Verily, the life science unit from Alphabet, Google's parent company, announced the official launch of Debug Fresno, the first stage in its Debug Project. Giant Technology company will release up to 20 million bacteria-filled, buzzing mosquitoes this summer in Fresno, California an attempt to fight disease.
Wolbachia is common in nature, and scientists have known since 1967 that the bacteria can make certain mosquitoes and other insects sterile. Verily says it is using custom-built software algorithms and robots to ramp up the number of mosquitoes it's able to grow and release.
With Debug Fresno, the Debug Project and Verily are testing a "potential mosquito control method using sterile insect technique". It will be releasing in the wild 20 million mosquitoes, all of them sterile male specimens. Infected male mosquitoes will still naturally mate with females, but the resulting eggs will not hatch. They're all male, so they won't bite anyone - only female mosquitoes bite humans. The company has created an automated sex-sorting process to lower the risk of females ending up in the mix.
A million mosquitoes will be released over a 20-week period.
Modified mosquitoes such as those being released by Verily are regulated by the Environmental Protection Agency (EPA), coming under the heading of "microbial pest control".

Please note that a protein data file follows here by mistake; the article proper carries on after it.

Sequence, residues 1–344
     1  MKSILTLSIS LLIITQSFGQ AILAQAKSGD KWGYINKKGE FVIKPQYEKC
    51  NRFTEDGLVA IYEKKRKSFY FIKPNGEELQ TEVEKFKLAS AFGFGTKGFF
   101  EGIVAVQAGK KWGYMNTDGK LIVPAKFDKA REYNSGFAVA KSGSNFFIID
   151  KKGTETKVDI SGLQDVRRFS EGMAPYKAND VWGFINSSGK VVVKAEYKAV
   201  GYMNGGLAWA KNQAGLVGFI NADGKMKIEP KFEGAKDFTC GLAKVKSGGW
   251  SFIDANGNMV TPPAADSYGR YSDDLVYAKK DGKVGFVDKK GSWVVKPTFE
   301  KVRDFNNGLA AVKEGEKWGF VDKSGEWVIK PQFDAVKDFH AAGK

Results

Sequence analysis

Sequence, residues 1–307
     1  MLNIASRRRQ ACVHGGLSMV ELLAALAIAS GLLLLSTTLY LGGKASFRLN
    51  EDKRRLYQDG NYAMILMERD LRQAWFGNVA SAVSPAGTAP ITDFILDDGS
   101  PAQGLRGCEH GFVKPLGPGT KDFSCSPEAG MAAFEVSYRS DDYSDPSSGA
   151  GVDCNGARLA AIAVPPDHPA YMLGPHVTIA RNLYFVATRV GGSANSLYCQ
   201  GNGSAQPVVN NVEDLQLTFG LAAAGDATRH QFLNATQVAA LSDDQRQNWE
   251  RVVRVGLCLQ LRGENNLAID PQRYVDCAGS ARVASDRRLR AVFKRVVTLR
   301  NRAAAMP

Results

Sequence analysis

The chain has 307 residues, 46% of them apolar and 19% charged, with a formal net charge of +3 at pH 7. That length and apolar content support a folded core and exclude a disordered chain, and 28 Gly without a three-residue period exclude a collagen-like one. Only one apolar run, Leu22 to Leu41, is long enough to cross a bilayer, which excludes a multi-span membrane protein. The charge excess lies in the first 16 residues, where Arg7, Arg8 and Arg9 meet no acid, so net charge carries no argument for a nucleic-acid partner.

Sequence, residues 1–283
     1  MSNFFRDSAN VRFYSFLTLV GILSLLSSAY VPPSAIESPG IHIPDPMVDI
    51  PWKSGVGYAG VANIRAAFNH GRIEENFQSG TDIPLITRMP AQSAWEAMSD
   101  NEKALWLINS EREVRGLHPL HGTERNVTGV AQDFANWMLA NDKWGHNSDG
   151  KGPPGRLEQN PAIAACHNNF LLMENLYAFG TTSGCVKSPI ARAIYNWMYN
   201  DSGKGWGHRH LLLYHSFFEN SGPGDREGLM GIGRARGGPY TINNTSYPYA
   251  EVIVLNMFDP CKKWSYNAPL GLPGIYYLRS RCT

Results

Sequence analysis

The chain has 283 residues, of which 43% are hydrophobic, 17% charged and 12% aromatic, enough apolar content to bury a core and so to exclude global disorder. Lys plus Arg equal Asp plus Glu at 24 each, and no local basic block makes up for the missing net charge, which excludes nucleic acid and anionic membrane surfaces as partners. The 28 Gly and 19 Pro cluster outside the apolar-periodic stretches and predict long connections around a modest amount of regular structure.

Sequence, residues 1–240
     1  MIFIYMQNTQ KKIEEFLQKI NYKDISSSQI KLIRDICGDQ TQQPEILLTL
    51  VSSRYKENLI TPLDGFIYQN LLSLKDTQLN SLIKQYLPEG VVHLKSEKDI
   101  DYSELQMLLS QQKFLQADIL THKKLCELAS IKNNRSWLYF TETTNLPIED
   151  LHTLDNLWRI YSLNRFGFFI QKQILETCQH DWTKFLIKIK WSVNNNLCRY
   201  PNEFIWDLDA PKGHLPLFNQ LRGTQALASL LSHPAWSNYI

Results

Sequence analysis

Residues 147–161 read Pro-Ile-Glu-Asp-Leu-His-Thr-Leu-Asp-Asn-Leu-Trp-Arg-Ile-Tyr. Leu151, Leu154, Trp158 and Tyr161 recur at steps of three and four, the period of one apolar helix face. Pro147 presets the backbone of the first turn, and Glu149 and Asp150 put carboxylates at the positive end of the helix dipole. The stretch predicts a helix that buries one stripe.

The Debug Project will be the biggest United States study to set free mosquitoes infected with Wolbachia, a common reproductive parasite. He declined to give any cost estimates.
This specific mosquito is an effective vector for carrying diseases like dengue fever, Zika and chikungunya, with these blood-borne viruses reproduced in the mosquito's stomach, spreading with bites.
"Wolbachia is largely benign for mosquitoes and the environment, although it may reduce the insects' egg production". After a few generations, the mosquito population is all but extinct.
This campaign has a simple idea where these swarms of male mosquitoes are reared by machines and they are infected with a harmless bacteria. Based on the results of an ecological risk assessment made in 2016, EPA said that the altered mosquitoes neither cause harmful effects on other organisms including endangered species. This large field study is just the first of several planned, with another rolling out in Australia later in the year in conjunction with the Australian Commonwealth Scientific Research Organization (CSIRO). Upson said that the burden of these mosquitoes is huge and if this technology works, a sustainable business can come out of it.